An interactive multimedia documentary on the plight of children growing up in low income families in Singapore. Published online: http://growingupwithless.sg/
Published as a Wee Kim Wee School of Communication and Information (NTU) final year project.
Growing Up with Less explores the hidden side of cosmopolitan richest-country-in-the-world Singapore where the government-built apartment complexes are littered with trash and used sanitary pads and your neighbor next door could be a drug addict. The documentary focuses on the plight of children from low-income families where parents struggle to make ends meet leaving their children unsupervised, often hungry for food and affection and extremely vulnerable to bad influences. Through the observing eyes of the cameras, the many facets of their lives and the accompanying dramas that rolled over from the adults’ lives are exposed, showing how just how vulnerable the children are and how much they need a guiding hand to bring them out of the poverty cycle.
Large families living in tiny rental apartments are often the result of poor family planning and poor education. In a two-room flat, nine children run about the house noisily and the eldest has to hide in the bathroom to study. While their parents work long hours and grandparents spend most of their time watching TV, the eldest daughter takes over the parental role to round up her rowdy siblings and calm the crying baby. We bring viewers into the home of a family with 15 people living under one tiny roof, and explore how living in an overcrowded environment affects the young children during their formative years.
We also include a text story on the importance of family planning based on an interview with the Vice President of the Singapore Planned Parenthood Association, Mr Edward Ong. Though as a whole, Singapore has a low fertility rate, those who can afford it are not having children while those who can’t are. The story attempts to explain why the poor are having more children and what can be done to help them do family planning.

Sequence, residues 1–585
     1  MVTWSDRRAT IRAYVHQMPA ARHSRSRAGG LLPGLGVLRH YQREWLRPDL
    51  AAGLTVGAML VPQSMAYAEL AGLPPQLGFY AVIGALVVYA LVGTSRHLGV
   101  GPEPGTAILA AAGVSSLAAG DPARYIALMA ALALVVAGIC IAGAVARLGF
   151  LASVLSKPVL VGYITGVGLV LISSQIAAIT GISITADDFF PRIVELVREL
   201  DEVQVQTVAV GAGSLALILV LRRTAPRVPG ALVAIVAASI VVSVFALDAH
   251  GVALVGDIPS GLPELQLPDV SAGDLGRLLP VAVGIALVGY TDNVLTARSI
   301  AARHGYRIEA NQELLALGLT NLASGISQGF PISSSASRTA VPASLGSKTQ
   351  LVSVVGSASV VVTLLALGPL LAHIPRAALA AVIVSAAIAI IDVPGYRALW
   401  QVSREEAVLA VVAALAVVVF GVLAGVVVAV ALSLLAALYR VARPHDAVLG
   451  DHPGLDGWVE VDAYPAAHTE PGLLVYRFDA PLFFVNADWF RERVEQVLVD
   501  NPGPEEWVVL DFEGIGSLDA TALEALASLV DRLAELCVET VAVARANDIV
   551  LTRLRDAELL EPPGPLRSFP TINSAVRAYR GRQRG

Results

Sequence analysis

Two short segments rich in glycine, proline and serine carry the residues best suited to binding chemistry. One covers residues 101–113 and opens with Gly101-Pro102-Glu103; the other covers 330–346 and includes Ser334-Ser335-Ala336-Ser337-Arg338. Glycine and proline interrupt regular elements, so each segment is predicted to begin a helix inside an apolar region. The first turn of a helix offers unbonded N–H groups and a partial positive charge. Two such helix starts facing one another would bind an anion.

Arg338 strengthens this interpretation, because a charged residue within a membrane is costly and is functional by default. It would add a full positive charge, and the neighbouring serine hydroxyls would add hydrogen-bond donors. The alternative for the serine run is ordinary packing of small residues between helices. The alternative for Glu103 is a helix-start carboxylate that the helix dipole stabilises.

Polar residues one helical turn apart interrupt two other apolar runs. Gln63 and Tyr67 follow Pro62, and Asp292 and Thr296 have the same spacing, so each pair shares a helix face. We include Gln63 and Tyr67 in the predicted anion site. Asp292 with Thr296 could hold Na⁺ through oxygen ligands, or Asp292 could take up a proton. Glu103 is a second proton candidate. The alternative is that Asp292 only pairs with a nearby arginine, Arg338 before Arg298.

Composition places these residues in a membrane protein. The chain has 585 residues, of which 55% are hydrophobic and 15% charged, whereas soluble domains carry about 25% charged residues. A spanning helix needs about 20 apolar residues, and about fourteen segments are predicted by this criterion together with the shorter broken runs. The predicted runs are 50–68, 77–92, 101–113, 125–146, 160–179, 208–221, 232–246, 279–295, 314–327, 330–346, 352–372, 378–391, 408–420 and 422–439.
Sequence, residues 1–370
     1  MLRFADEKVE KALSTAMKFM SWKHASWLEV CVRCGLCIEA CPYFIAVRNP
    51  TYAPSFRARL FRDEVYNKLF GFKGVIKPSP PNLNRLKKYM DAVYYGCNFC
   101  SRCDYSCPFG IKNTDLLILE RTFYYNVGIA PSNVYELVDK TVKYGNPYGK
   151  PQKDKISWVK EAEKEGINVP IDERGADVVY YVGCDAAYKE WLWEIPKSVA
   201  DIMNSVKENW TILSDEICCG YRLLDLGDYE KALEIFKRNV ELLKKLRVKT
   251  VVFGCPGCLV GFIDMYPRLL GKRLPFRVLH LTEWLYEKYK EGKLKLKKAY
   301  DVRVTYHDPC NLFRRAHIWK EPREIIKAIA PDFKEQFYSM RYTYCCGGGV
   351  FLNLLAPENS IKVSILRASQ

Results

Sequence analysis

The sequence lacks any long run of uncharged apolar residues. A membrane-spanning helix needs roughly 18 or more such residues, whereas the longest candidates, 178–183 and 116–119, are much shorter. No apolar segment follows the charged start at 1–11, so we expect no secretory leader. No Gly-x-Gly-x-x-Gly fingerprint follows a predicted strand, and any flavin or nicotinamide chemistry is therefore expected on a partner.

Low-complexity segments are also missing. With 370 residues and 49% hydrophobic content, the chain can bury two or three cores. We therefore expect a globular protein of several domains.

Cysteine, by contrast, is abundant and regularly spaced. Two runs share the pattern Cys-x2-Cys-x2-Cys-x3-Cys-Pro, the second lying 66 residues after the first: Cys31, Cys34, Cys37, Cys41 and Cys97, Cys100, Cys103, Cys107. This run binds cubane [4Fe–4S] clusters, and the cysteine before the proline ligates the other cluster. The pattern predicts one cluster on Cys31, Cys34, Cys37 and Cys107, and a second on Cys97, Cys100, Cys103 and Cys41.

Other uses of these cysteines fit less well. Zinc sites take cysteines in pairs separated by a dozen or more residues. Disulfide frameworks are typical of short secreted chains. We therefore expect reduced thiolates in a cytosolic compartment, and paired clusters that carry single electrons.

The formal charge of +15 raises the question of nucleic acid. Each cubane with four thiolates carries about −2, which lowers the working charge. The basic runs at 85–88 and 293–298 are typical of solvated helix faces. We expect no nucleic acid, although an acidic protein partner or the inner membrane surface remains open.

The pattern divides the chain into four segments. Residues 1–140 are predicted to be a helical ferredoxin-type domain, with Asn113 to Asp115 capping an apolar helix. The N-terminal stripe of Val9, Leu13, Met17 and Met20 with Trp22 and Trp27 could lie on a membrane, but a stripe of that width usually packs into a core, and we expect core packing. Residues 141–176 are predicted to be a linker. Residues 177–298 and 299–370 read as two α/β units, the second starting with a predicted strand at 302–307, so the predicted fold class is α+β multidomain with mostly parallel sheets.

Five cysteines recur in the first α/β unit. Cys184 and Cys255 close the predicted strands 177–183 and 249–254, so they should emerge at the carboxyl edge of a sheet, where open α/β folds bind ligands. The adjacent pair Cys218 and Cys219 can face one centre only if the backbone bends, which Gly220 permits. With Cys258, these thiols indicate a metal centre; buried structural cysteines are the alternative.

Type of story: Photo stories, text stories
In the same neighbourhood, three sisters and their families live in three-room and two-room rental apartments. One sister, Madam Tan, has a few children, fathered by different men. Both her nieces, one of whom had committed suicide, had the same experience. The orphaned children are being cared for by relatives. The vicious cycle of dysfunctional families perpetuates itself in this household – the dead girl’s 19-year-old sister has two children, and is living with her 18-year-old boyfriend, who fathered her second child.
This baby is barely a year old. Madam Tan’s daughter, eight-year-old girl Jamie, feeds the baby and changes his diapers. She acts all grown up for her age, and together with her seven-year-old sister Michelle, often oppresses her quiet cousin who is also being taken care of by her mother in the household. Her speech is punctuated with vulgarities – which are ignored by her mother, who takes care of seven children.
Madam Tan says that she does not hold much expectation for her children’s future. “As long as they don’t go astray and end up at the police station, it’s enough,” she says. At home, she does not pressure the children, most of whom are still in primary school, to study or do their homework. “I tell them that if they don’t study hard and do well, and they end up as road sweepers in future, they will have to deal with it themselves,” she says. “I don’t force them to study.” She appears resigned to her circumstances and does not believe that they can break out of the poverty cycle.
The children eat barely enough – sometimes just a bowl of porridge or chee cheong fun to last them through the day. We seek expert advice on how much food is enough for children. We also explore the rich-poor gap in Singapore, policy philosophies of financial aid schemes, and how children grow up with all the negative influences of the neighbourhood and ironically, their own parents.